What is metabolic syndrome?

Know the conditions that increase your risk for diseases such as diabetes and heart disease.

An overhead shot of fruits and vegetables.
Photo: D. Breen/Pixabay.

The Mayo Clinic explains metabolic syndrome as a group of conditions that increase your risk for serious diseases such as heart disease, stroke and diabetes. Conditions that contribute to metabolic syndrome are high blood pressure, high blood sugar, high triglycerides level, a large waistline and abnormal cholesterol numbers, specifically low HDL. The more of these conditions you have, the higher your risk for heart disease, stroke and diabetes. Having only one of these conditions doesn’t mean you have metabolic syndrome. However, it is important to ask your doctor if you need to be tested for other conditions.

According to the American Heart Association, you have metabolic syndrome if you have three or more of these traits or are taking medication to control them:

  • Waist circumference: 35 inches or more for women and 40 inches or more for men
  • High triglyceride level: 150 milligrams per deciliter(mg/dL) or more
  • Low high-density lipoprotein (HDL) cholesterol: less than 40 mg/dL in men or less than 50 mg/dL in women
  • Increased blood pressure: systolic blood pressure (top number) of 130 or higher and diastolic blood pressure (bottom number) of 85 or higher
  • High fasting blood sugar: 100 mg/dL or higher

Additional health conditions such as obesity, diabetes, non-alcoholic fatty liver disease, polycystic ovary syndrome, sleep apnea and physical inactivity also increase your risk.

Almost one-third of adults in the US have metabolic syndrome, according to the Mayo Clinic. The good news is that it is possible to prevent or delay the onset of metabolic syndrome by making the following lifestyle changes.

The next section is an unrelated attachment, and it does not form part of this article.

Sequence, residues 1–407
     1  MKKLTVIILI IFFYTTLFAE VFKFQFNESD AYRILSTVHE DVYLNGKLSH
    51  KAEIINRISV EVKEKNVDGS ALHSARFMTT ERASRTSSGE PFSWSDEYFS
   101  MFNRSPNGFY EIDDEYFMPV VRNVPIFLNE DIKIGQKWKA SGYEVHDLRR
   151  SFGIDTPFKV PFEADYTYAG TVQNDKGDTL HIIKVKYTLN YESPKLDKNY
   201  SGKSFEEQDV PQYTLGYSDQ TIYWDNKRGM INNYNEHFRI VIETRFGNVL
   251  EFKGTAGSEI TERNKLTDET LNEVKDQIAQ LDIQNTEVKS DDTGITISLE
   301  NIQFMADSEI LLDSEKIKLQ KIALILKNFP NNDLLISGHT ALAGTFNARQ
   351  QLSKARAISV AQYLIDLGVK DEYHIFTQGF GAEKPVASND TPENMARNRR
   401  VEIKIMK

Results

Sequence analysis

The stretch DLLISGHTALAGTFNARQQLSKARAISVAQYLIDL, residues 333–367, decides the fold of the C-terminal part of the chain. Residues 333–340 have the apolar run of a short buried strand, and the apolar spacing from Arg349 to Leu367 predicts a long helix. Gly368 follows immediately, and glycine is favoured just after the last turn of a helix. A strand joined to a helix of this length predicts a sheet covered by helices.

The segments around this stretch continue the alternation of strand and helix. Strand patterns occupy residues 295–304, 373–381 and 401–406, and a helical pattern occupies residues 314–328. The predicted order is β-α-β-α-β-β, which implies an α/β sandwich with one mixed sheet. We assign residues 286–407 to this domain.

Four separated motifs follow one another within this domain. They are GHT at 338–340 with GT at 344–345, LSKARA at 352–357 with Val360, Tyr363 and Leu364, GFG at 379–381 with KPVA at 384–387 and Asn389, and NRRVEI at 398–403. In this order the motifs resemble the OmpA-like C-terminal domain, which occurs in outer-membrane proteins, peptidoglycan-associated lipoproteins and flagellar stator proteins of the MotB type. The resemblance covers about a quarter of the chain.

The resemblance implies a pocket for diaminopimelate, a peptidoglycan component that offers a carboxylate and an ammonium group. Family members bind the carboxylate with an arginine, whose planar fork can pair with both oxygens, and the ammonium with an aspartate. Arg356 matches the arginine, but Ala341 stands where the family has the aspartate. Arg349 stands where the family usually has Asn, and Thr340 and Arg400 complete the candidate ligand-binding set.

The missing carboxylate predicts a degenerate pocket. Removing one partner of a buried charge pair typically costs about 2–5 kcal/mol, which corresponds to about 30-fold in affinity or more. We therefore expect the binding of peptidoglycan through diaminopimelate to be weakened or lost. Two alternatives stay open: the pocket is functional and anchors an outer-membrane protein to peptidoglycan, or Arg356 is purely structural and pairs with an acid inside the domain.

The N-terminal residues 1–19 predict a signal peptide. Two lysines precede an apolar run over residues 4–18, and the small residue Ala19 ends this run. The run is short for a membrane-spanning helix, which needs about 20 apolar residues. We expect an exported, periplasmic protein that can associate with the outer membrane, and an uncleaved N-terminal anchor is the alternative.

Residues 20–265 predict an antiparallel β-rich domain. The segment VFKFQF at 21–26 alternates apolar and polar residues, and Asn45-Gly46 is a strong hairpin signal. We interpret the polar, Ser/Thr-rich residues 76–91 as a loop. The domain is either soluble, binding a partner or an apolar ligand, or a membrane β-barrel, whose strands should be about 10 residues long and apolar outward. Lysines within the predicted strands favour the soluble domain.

• Be physically active. Thirty minutes a day, 150 minutes a week is the national recommendation. You can break up the activity in smaller time segments, such as in ten- to 15-minute intervals. Make activity part of your daily routine, such as walking instead of driving and taking the stairs instead of the elevator.
  • Lose weight, if you are overweight. Losing just 7 to 10 percent of your current weight can improve your blood sugar and blood pressure. The National Diabetes Prevention Program offered by Michigan State University Extension can help you prevent or delay the onset of diabetes through modest weight loss and increased physical activity.
  • Maintain a healthy diet. Following eating plans such as the DASH (Dietary Approaches to Stop Hypertension) or Mediterranean diets can help improve blood pressure and weight by eating fruits, vegetables, whole grains and lean protein. These eating plans also recommend limiting sugar-sweetened beverages, alcohol, salt, sugar and fat.
  • Stop smoking. Quitting smoking is difficult, but it can greatly improve your overall health. Talk to your doctor about options to help you stop smoking.
  • Manage stress. You can improve your physical and mental health by finding healthy ways to reduce stress. Physical activity, meditation and deep breathing are some of the techniques you can use to manage stress. Stress Less with Mindfulness is another program offered by MSU Extension that can help you manage your stress.

Working with your healthcare provider to set specific goals around these lifestyle changes can help you prevent or minimize the long-term consequences of metabolic syndrome.

MSU Extension also offers Personal Action Toward Health (PATH) workshops, which can help you learn tools to better manage your chronic conditions such as metabolic syndrome, high blood pressure, diabetes or heart disease. For more information on how to make changes for a healthier lifestyle, nutrition, and physical activity, please visit the Michigan State University Extension website.

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